Consider two such site border routers, with global IPv4 addresses 192.0.2.170 and 192.0.2.187, and that therefore inherit the IPv6 prefixes 2002:c000:2aa::/48 and 2002:c000:2bb::/48, respectively. The routers can exchange IPv6 packets by encapsulating them in IPv4 using protocol number 41, and sending them to each other at their respective IPv4 addresses. In fact, any number of 6to4 routers connected to the IPv4 network can directly exchange IPv6 packets in this way. Some 6to4 routers are also configured as "relay routers". They behave as just described, but, in addition, they obtain native IPv6 connectivity with a normal IPv6 prefix. They announce an IPv6 route to 2002::/16. For example, assume that the 6to4 router at 192.0.2.187 is a relay router, whose address on the 6to4 side is 2002:c000:2bb::1. Suppose that a host with the 6to4 address 2002: c000:2aa::123 sends an IPv6 packet to a native IPv6 destination such as 2001:db8:123:456::321. Assume that the 6to4 router at 192.0.2.170 has its IPv6 default route set to 2002:c000:2bb::1, i.e., the relay. The packet will be delivered to the relay, encapsulated in IPv4. The relay will decapsulate the packet and forward it into native IPv6 for delivery. When the remote host replies, the packet (source 2001:db8: 123:456::321, destination 2002:c000:2aa::123) will find a route to 2002::/16, and hence be delivered to a 6to4 relay. The process will be reversed and the packet will be encapsulated and forwarded to the 6to4 router at 192.0.2.170 for final delivery. Note that this process does not require the same relay to be used in both directions. The outbound packet will go to whichever relay is configured as the default IPv6 router at the source router, and the return packet will go to whichever relay is announcing a route to 2002::/16 in the vicinity of the remote IPv6 host. Of course, there are many further details in RFC 3056, most of which are irrelevant to current operational problems. RFC3068], is to avoid any need for such configuration. The intention was to make the solution available for small or domestic users, even those with a single host or simple home gateway rather than a border router. This is achieved quite simply, by defining 188.8.131.52 as the default IPv4 address for a 6to4 relay, and therefore 2002:c058:6301:: as the default IPv6 router address for a 6to4 site.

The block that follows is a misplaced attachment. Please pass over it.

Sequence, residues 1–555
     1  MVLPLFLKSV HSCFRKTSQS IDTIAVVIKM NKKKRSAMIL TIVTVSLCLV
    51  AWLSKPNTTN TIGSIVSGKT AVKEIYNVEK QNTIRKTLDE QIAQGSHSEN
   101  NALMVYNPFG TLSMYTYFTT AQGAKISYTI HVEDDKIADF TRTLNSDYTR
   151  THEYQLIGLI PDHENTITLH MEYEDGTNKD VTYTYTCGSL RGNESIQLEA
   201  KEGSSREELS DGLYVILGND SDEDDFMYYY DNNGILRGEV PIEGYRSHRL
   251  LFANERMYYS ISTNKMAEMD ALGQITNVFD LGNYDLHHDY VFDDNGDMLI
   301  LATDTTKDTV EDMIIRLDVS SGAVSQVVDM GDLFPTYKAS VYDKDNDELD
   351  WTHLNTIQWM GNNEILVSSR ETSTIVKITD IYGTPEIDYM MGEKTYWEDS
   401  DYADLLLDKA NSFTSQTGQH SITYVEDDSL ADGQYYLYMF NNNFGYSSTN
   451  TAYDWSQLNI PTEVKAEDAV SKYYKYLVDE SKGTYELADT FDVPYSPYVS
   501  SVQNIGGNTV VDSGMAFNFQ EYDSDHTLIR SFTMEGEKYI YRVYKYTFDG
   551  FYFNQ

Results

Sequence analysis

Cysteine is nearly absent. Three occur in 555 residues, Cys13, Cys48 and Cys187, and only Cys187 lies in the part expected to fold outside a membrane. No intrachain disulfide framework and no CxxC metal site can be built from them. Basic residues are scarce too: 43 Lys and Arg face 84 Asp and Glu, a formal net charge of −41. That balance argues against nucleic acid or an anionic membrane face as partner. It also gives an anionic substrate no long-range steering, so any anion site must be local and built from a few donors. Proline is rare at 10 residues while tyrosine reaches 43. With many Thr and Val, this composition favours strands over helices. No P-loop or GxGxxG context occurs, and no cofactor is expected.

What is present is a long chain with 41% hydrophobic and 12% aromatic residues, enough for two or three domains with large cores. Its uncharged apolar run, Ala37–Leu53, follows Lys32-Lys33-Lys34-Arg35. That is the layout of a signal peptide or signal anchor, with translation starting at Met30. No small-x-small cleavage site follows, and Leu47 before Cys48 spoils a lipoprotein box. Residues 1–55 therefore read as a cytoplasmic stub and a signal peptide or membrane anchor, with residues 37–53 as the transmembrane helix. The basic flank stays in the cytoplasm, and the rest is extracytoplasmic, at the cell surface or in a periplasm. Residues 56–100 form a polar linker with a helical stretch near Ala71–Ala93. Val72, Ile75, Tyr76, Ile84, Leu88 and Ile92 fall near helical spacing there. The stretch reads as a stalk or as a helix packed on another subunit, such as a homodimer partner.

Since Anycast 6to4 implies a default configuration for the user site, it does not require any particular user action. It does require an IPv4 anycast route to be in place to a relay at 184.108.40.206. As with Router 6to4, there is no requirement that the return path goes through the same relay. RFC 3056 contains a number of operational recommendations intended to avoid routing issues. In practice, there are few if any deployments of Router 6to4 following these recommendations. Mostly, Anycast 6to4 has been deployed. In this case, the user site (either a single host or a small broadband gateway) discovers that it doesn't have native IPv6 connectivity, but that it does have a global IPv4 address and can resolve AAAA queries. Therefore, it assumes that it can send 6to4 packets to 220.127.116.11. Empirically, 6to4 appears to suffer from a significant level of connection failure; see [Aben] and [Huston-a]. In experiments conducted on a number of dual-stack web servers, the TCP connection failure rate has been measured. In these experiments, the client's connection attempt to a server was considered to have failed when the server received a TCP SYN packet and sent a SYN/ACK packet in response, but received no ACK packet to complete the initial TCP three-way handshake. The experiment conducted by Aben recorded a failure rate of between 9% and 20% of all 6to4 connection attempts. The experiment conducted by Huston has recorded a failure rate of between 9% and 19% of all 6to4 clients. In this latter experiment, it was further noted that between 65% to 80% of all 6to4 clients who failed to connect using 6to4 were able to make a successful connection using IPv4, while the remainder did not make any form of IPv4 connection attempt, successful or otherwise, using the mapped IPv4 address as a source address. No connection attempts using embedded RFC 1918 IPv4 addresses were recorded by the server. There have been several possible reasons offered for this form of 6to4 connection failure. One is the use of private IPv4 addresses embedded in the 6to4 address, making the return path for the 6to4 tunnel infeasible, and the second is the use of local filters and firewalls that drop incoming IP packets that use IP protocol 41. If the former case were prevalent, it would be reasonable to expect that a significant proportion of failed 6to4 connections would use embedded IPv4 addresses that are either drawn from the private use (RFC 1918) address ranges, contrary to RFC 3056, or from addresses that are not announced in the Internet's IPv4 inter-domain routing table. Neither case was observed to any significant volume in the experiments conducted by Huston. Furthermore, the experimental